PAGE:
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Gavin Baxter and the ‘this is the year’ of BYU basketball’s season

Gavin Baxter has returned for BYU basketball. Does it mean something? Probably!

NCAA Basketball: Brigham Young at Gonzaga James Snook-USA TODAY Sports

The most exciting three minutes of BYU basketball came Saturday.

That’s not to discount times Yoeli Childs has single-handedly changed the makeup of a game in the post, or times when TJ Haws, like against UCLA, sliced and diced up a defense. So perhaps it’s more accurate to say the most exciting three minutes for the future of BYU basketball came Saturday.

Sophomore forward Gavin Baxter grabbed one rebound and drew one foul in three minutes of action.

And BYU is ecstatic.

Rewind to late September when VTF broke the news that Baxter had suffered a shoulder injury that was expected to make him miss all of the 2019-20 season.

Then rewind more to, for a snapshot, two games against Loyola Marymount in his freshman season. At home, Baxter shot 10 of 14 for 25 points and grabbed 10 rebounds in a big win.

Three weeks later, he helped the Cougars finish a comeback at LMU. Down four with six minutes left, Baxter grabbed an offensive board and scored. LMU then got three offensive rebounds on its next possession before Baxter finally secured a stop with a board.

At the other end, Baxter tied the game with a wicked spin move and dunk. BYU went on to win 70-62 and Baxter was 6 of 6 for 13 points and added seven rebounds, two steals and two blocks.

So what does that have to do with BYU basketball in 2020?

Baxter’s return to the team signifies that he, his teammates and his coaches feel the same way about their season to date, and its potential still, as hopeful fans do — that there’s a chance to do something special.

For several seasons running, it felt like “well hot damn if BYU could just shoot the 3 at a mildly above-average clip, they could have something.” For three straight seasons, BYU hovered around 34% as a team, which ranged anywhere from 187th to, last season, 240th nationally.

Now, BYU is the best 3-point shooting team in the country, firing a ridiculous 42.3% against Division I opponents. Every rotational player is at 34.1% (Zac Seljaas) and above, up to, among high-volume shooters, Jake Toolson’s outrageous 49% on 145 attempts. And if needed, big men Yoeli Childs (57.1%) and Kolby Lee (41.7%) can step out and knock one down with great effectiveness.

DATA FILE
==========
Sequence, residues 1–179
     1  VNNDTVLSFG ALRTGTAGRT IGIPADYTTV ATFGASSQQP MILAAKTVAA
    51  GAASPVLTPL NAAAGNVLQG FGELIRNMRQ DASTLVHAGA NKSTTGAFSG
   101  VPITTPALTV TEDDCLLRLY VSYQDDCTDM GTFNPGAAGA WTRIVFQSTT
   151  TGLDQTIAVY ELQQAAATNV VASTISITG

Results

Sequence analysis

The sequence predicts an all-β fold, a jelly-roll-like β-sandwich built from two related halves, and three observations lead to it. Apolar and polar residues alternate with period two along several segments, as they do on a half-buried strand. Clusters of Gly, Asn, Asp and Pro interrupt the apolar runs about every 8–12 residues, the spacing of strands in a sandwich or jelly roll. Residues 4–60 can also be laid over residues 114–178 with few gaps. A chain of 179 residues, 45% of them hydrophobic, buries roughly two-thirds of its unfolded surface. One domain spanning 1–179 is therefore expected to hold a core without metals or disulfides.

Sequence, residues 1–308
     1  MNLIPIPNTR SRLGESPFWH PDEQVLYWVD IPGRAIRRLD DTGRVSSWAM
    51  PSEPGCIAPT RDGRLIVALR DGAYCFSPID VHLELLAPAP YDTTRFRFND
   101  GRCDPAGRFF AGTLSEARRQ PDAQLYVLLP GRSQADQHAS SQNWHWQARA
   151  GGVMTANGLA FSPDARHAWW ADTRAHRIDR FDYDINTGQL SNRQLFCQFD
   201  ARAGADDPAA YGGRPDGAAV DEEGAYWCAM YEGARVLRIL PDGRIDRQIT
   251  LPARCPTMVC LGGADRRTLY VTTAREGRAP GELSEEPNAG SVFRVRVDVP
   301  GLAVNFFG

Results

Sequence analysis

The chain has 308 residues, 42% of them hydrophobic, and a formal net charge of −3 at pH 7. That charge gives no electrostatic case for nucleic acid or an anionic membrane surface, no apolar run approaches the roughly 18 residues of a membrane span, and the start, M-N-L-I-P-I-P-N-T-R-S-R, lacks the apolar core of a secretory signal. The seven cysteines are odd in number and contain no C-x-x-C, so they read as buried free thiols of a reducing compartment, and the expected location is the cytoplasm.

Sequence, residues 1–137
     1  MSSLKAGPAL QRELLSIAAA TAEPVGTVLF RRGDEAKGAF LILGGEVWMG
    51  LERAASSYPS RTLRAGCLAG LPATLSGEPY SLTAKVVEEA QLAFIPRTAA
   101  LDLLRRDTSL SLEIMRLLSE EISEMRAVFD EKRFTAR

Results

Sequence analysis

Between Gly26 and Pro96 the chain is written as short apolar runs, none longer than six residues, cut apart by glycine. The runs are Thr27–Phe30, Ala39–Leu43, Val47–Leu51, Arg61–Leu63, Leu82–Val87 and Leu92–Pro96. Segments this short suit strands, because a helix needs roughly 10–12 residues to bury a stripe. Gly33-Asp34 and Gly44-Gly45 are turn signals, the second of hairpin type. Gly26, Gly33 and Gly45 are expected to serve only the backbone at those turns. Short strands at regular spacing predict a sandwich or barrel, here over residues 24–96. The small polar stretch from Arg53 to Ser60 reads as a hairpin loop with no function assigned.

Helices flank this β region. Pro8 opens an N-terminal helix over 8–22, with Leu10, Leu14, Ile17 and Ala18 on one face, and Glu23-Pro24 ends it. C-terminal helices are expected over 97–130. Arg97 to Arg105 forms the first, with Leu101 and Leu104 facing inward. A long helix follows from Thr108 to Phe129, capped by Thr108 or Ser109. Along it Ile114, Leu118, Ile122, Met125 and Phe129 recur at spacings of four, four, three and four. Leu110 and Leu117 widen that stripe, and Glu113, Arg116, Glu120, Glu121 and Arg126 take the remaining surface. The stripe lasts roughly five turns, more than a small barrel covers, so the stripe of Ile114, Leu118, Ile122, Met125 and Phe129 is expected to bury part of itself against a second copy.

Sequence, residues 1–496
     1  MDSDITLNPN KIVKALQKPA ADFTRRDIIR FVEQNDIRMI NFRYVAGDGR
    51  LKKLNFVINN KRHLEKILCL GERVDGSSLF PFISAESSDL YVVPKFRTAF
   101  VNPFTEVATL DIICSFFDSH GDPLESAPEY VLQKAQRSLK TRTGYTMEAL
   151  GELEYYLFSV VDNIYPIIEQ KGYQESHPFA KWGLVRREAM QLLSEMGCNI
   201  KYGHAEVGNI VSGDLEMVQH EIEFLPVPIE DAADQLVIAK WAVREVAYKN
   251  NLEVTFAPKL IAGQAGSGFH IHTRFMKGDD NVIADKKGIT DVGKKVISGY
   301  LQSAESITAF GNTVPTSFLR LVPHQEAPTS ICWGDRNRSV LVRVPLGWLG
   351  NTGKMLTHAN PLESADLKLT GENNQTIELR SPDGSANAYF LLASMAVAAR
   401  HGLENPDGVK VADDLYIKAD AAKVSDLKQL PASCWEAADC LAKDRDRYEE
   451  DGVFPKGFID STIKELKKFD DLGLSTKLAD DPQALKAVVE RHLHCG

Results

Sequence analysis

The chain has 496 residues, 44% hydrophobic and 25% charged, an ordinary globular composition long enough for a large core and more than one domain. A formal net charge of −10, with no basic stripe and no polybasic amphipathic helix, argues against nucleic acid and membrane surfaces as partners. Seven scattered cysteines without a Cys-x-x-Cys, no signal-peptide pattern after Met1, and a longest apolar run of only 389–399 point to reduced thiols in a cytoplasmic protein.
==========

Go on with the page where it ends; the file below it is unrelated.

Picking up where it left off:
That ability alone could put BYU in position to make a tournament run, especially since the Cougars increasingly show a willingness to use that accuracy in higher volume.

The Cougars also shoot a top-10 percentage nationally on 2-pointers and don’t turn the ball over. They do a good job limiting opponents on the offensive glass and from the 3-point line.

And, BYU is the ninth-most experienced team in the country. Right now, it’s rated as the 16th best team in Ken Pomeroy’s formula and 22nd in the NCAA’s NET rating.

So it probably does mean something that Baxter, who diligently worked to rehab and be able to return this season if desired, has decided to give up his entire sophomore season of eligibility for six regular season games, and whatever comes after them.

“I think Gavin is really going to help us, and help us in a big way,” head coach Mark Pope said after Saturday’s short appearance. “He’s going to help us win games.”

In nearly every other circumstance, I’d argue for a player like Baxter to definitely not use eligibility in this situation. But the “whatever comes after them” could be a rare opportunity for this team and Baxter not only could be part of it, but could elevate BYU one more step.

“We are a freaking dangerous team right now. We are dangerous,” Pope said.

It’s common among BYU fans to play what-if over some of BYU’s early losses to San Diego State and Boise State regarding Childs’ bogusly long suspension. But if you allow yourself to imagine a healthy Baxter available in Childs’ stead, they may still win those games without the star anyway.

When Yoeli returned, he supernova’d out of the gate at Utah but eventually lost steam, got in foul trouble, and Utah won in overtime.

Does that happen if a player like Baxter — a 6-foot-9 set of arms on springs — is available in those non-Yoeli minutes?

BYU has been playing with a standard 9-foot ceiling for several seasons running. With Childs battling through injury and suspension to be on the court, it seemed BYU entered a 14-foot great room. Does Baxter push that up to a grand 20 feet?

That’s the prospect the Cougars wants to find out, and one Baxter is willing to use a year of eligibility for.